Damage-induced changes in woody plants and their effects on insect herbivore performance: a meta-analysis


  • Heli Nykänen,

  • Julia Koricheva

H. Nykänen and J. Koricheva, Dept of Biology, Univ. of Turku, FIN-20014 Turku, Finland (helnyk@utu.fi).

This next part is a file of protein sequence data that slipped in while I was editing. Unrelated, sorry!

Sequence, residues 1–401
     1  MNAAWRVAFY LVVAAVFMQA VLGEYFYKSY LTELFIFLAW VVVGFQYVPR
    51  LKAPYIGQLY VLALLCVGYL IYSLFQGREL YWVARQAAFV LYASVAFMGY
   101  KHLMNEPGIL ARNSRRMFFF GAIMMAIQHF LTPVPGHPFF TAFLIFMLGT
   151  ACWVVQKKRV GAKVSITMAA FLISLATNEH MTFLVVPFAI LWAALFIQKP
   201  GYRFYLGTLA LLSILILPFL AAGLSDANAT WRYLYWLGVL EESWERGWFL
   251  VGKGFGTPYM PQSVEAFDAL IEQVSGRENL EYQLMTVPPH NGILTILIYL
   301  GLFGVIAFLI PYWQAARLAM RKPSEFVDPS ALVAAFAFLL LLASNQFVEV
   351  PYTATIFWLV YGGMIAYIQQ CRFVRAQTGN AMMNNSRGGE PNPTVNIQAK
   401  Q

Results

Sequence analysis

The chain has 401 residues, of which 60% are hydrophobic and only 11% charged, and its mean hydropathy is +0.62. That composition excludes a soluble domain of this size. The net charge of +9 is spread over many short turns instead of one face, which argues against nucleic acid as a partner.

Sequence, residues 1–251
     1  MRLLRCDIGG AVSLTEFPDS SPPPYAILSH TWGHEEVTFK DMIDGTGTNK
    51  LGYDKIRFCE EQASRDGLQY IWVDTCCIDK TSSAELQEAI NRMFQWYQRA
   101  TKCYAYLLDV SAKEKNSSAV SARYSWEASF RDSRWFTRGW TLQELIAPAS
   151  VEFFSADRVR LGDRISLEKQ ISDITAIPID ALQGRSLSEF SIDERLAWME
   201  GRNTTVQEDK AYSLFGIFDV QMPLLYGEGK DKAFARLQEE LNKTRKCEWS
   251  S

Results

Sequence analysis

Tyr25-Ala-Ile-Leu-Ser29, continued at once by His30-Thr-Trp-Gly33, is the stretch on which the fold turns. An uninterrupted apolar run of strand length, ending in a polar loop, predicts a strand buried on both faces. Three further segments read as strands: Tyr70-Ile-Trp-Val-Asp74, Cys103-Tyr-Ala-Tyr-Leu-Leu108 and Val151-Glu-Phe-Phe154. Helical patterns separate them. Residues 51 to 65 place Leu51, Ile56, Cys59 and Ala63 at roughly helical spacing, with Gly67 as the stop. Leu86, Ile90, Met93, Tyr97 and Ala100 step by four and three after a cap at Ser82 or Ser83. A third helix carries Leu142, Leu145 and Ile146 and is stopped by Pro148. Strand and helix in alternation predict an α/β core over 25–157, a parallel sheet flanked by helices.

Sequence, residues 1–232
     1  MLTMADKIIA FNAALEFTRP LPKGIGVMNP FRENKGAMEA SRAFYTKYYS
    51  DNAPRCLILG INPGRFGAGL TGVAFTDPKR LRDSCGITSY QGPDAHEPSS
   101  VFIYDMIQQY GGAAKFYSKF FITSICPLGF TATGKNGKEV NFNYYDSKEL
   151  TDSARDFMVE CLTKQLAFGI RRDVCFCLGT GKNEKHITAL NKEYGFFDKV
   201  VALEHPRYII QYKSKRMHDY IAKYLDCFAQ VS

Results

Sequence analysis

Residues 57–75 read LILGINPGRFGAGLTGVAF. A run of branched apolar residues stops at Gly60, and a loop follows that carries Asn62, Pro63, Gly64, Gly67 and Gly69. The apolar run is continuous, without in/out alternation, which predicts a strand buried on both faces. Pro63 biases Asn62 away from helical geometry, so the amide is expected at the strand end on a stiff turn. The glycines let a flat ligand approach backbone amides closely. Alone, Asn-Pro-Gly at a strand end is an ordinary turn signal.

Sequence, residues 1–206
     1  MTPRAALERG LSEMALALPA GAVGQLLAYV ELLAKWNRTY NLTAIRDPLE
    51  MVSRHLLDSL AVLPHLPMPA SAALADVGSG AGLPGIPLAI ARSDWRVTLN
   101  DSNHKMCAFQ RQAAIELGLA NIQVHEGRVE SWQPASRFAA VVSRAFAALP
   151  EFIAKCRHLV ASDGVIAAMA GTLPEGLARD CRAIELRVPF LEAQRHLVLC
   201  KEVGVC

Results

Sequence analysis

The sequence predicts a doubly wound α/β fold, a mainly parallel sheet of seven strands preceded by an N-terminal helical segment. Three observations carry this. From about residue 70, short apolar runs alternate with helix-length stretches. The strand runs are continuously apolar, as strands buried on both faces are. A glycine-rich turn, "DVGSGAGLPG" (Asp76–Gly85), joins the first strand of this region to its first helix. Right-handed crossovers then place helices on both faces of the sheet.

We conducted a meta-analysis of 68 studies published between 1982 and 2000 in which the responses of woody plants to natural or simulated herbivore damage and/or insect herbivore performance on control and damaged plants were measured. Cumulative meta-analyses revealed dramatic temporal changes in the magnitude and direction of the plant and herbivore responses reported during the last two decades. Studies conducted in the 1980s reported increase in phenolic concentrations, reduction in nutrient concentrations and negative effect on herbivore performance, consistently with the idea of induced resistance. In contrast, in the early 1990s when the idea that some types of plant damage may result in induced susceptibility was generally accepted, studies reported non-significant results or induced susceptibility, and smaller effects on herbivores. The above changes may reflect paradigm shifts in the theory of induced defenses and/or the differences between study systems used in the early and the more recent studies. Overall, plant growth and carbohydrate concentrations were reduced in damaged plants despite enhanced photosynthetic rates. Damage increased the concentrations of carbon and phenolics, while terpene concentrations tended to decrease after damage; changes in nutrient concentrations after damage varied according to nutrient mobility, inherent plant growth rate, ontogenetic stage and plant type (deciduous/evergreen). Early season damage caused more pronounced changes in plants than late season damage, which is in accordance with the assumption that vigorously growing foliage has a greater capacity to respond to damage. Insect growth rate and female pupal weight decreased on previously damaged plants, while herbivore survival, consumption and male pupal weight were not significantly affected. The magnitude and direction of herbivore responses depended on the type of plant, the type of damage, the time interval between the damage and insect feeding (rapid/delayed induced resistance), and the timing of the damage.